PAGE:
OHHHHHHH THEY DID NOT! So there’s this new movie coming out entitled “The Corporation,” and from the trailer it seems like it’s all about how the corporation is an evil thing because it is driven by profit and not, I suppose, some concern for the greater good of humanity. If you’ve read Atlas Shrugged I would just ask you to refer to D’Anconio’s argument on the morality of money. Or John Gault’s lengthy speech. For those of you who haven’t, allow me to try to convey my problems with the anti-corporation view of the world.
First of all, idealists are offended by the idea that profit is a motive for anyone. “How dare they. Those immoral bastards,” they say. And on the surface, sure, it’s all sorts of “immoral,” if you define morality in the terms of helping out other people. However, if you define morality as instead giving those people the means to help themselves, then the corporation is very moral. I had an argument with someone the other night in which I argued that everything should be privatized, and he pointed out that some regulation was necessary. Fine. But only a minimum, to say you can’t cook your books and to say you can’t pollute that badly. Beyond that the corporation is self-regulating. Why?
Because they need you to buy their products for them to make a profit. Now, it used to be that you didn’t have many choices in a product. But now, as inherited wealth becomes less of a deterrent to capitalism, competition has succeeded in that we have a choice when buying most of our products. There are dozens of oil companies to buy gas from. Several fast food chains. Several airlines. Several insurance companies. And so on, and so on. You have choices, and as the consumer you should choose the company that you feel offers the best product at the best price. Simple, right?
Oh no. Because the corporation is out to make *money*. And so they *charge you for that product!* GASP! SHOCK! Of course I’m being facetious, and the problem most anti-corporates (I don’t care if I don’t speak proper English) is that companies make too much of a profit, by over-charging for a product and paying their workers far too little. Fine. No one wants a return to the company store.
Thus we have a national minimum wage. And companies that want a better workforce are willing to pay more. Thus the person becomes a product. Corporations are moving more and more to developing countries, where labor is much, much cheaper. Why? Well, unions, for one thing. Many of them keep demanding more money for their non-working workers. If you can move your plant to China where people would happily work for 1/10 the salary you pay to the Americans, and the Chinese will put forth more effort because they appreciate that job more, then why not move the company? What’s the problem?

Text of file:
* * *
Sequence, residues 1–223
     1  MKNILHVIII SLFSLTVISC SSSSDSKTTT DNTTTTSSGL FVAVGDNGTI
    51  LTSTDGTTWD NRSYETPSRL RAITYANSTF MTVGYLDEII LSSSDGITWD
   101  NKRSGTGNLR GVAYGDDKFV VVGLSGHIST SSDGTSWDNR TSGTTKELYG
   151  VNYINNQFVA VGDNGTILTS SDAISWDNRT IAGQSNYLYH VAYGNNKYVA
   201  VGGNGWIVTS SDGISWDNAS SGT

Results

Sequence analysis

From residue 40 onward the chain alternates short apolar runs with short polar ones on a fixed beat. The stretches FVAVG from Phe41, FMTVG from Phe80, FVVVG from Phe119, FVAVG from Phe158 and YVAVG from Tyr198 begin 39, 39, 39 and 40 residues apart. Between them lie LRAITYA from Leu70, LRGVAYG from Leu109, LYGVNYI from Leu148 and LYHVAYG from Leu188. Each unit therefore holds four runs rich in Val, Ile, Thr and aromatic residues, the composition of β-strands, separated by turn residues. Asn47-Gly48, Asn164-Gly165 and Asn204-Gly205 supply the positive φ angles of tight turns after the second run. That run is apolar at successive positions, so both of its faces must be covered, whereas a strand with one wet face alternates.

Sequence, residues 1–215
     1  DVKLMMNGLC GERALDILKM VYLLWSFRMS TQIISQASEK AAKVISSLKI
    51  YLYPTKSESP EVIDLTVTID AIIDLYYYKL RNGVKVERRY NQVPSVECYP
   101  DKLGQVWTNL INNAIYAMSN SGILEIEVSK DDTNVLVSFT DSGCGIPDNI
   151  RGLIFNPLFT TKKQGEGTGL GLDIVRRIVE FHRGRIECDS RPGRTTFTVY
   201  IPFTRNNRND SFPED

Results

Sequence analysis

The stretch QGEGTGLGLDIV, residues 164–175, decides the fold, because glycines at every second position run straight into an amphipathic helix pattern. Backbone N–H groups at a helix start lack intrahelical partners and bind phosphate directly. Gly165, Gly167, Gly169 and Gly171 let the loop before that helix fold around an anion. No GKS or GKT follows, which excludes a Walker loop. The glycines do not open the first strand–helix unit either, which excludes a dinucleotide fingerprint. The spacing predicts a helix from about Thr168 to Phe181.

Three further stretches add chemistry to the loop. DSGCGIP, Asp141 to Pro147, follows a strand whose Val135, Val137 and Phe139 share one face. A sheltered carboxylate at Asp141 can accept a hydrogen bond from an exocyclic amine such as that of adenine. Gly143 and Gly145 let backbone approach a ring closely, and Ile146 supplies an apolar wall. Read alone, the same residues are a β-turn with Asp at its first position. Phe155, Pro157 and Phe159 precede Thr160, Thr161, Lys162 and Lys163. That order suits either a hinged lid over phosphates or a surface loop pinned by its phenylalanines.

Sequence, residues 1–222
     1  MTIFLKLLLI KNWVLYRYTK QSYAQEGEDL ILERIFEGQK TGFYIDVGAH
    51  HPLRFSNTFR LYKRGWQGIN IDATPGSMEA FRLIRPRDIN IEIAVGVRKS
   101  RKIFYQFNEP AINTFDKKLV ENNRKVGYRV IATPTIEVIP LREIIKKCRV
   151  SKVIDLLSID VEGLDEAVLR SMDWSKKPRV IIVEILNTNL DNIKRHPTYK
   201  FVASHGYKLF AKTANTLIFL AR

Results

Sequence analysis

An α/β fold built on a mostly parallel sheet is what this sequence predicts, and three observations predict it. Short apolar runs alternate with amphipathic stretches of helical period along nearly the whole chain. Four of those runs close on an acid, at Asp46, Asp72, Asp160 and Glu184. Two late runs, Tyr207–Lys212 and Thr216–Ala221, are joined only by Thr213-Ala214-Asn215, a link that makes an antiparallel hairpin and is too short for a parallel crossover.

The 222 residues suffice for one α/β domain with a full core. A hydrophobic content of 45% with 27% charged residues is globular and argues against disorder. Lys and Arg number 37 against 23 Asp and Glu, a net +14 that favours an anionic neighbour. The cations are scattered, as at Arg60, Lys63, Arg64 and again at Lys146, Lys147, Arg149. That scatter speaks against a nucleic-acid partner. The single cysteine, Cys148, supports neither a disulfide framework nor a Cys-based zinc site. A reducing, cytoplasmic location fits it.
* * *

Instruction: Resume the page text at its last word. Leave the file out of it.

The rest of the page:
They point to the fact that American workers suffer. Well, maybe American workers should do a better job of selling themselves to the company. Try working harder, not demanding an undeserved raise all the time. It sounds harsh, but it’s still easier than working in the fields from sunrise to sunset like we all used to have to do. It’s progress. Besides which, we have a more educated workforce nowadays and the mix of corporations in America is changing to reflect that. We are less and less the place to manufacture goods, and more and more the country that does everyone else’s finances and marketing and all that other white color stuff. It’s a natural economic transition.
And the same will eventually happen in developing countries. As more people get jobs at these American factories in these foreign countries, the economy will pick up for these people as well as their level of education. But still the anti-corporates point to those low, low wages. A: This is more than these people have ever been paid. B: It only seems low when compared to the salary of an American. C: They’re being paid, for the most part, for the extent of their contribution to the process. I used to bitch that CEOs make too much money. And yeah, in America, maybe it’s still a little off. But still, the CEO should make several times the salary of lower employees because the CEO makes the big-money decisions, and is thus paid according to the level of his or her contribution to the company. The person stitching shirts for Nike in Malaysia may be paid in pennies an hour, but they’re only stitching shirts in a huge factory, not designing those shirts or marketing those shirts or other higher-level, and thus higher-paid, activities. Plus I’m assuming these people are being paid something quite comparable to the going labor rate in their particular country.
Finally, I’d like to say this. To those who rail against large corporations because they don’t put the greater good ahead of profit, consider this: what if I gave you a jug of water, and told you that you should trek 10 miles every day to a well to get water for the town. Further, you should do this not for a large profit, but for a smaller sum, and you should be grateful that you’re helping the community, and serving the greater good. Now have five people, each carrying jugs to that well, and competing with each other to deliver to the town the best quality water, quicker and cheaper than the next guy. Which system is better? If you still wanna hate corporations, I’ve got a jug for you.